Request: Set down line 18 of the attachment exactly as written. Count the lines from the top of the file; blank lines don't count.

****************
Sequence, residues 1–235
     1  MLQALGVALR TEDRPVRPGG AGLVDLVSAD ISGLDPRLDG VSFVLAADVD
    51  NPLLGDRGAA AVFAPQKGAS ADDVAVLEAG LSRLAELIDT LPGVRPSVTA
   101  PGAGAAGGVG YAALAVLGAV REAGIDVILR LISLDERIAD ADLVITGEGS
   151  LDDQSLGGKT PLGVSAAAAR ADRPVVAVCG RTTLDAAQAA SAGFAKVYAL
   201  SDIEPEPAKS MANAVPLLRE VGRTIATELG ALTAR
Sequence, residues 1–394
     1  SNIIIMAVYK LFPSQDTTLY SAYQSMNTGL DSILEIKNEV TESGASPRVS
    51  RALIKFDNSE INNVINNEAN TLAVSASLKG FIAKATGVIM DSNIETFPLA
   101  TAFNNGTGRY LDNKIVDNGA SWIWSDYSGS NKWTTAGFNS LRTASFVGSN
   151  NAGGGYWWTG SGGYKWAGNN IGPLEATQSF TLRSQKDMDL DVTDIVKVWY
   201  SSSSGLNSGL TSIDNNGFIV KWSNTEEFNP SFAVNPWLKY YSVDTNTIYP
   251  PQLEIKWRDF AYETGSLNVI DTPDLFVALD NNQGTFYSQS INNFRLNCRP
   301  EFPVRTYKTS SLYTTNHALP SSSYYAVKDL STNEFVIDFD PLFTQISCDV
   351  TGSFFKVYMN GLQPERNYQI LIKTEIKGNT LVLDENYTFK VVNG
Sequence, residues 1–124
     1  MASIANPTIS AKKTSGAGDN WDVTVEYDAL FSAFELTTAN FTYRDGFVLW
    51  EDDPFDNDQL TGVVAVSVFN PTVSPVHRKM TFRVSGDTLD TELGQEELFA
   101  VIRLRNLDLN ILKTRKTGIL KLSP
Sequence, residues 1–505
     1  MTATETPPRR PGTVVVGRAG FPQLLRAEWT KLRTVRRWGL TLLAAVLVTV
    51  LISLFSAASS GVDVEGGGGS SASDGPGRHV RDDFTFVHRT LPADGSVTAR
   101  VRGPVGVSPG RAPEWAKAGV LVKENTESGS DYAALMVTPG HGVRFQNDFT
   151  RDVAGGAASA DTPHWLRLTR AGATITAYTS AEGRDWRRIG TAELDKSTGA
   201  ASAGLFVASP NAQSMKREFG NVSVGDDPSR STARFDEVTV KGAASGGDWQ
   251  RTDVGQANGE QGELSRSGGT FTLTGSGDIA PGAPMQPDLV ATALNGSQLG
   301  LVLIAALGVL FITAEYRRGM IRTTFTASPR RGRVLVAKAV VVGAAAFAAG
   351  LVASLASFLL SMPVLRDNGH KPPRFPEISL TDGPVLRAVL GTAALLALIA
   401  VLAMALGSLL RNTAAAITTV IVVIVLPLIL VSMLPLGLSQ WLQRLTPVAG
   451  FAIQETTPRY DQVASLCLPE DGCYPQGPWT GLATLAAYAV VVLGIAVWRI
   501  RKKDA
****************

    51  EDDPFDNDQL TGVVAVSVFN PTVSPVHRKM TFRVSGDTLD TELGQEELFA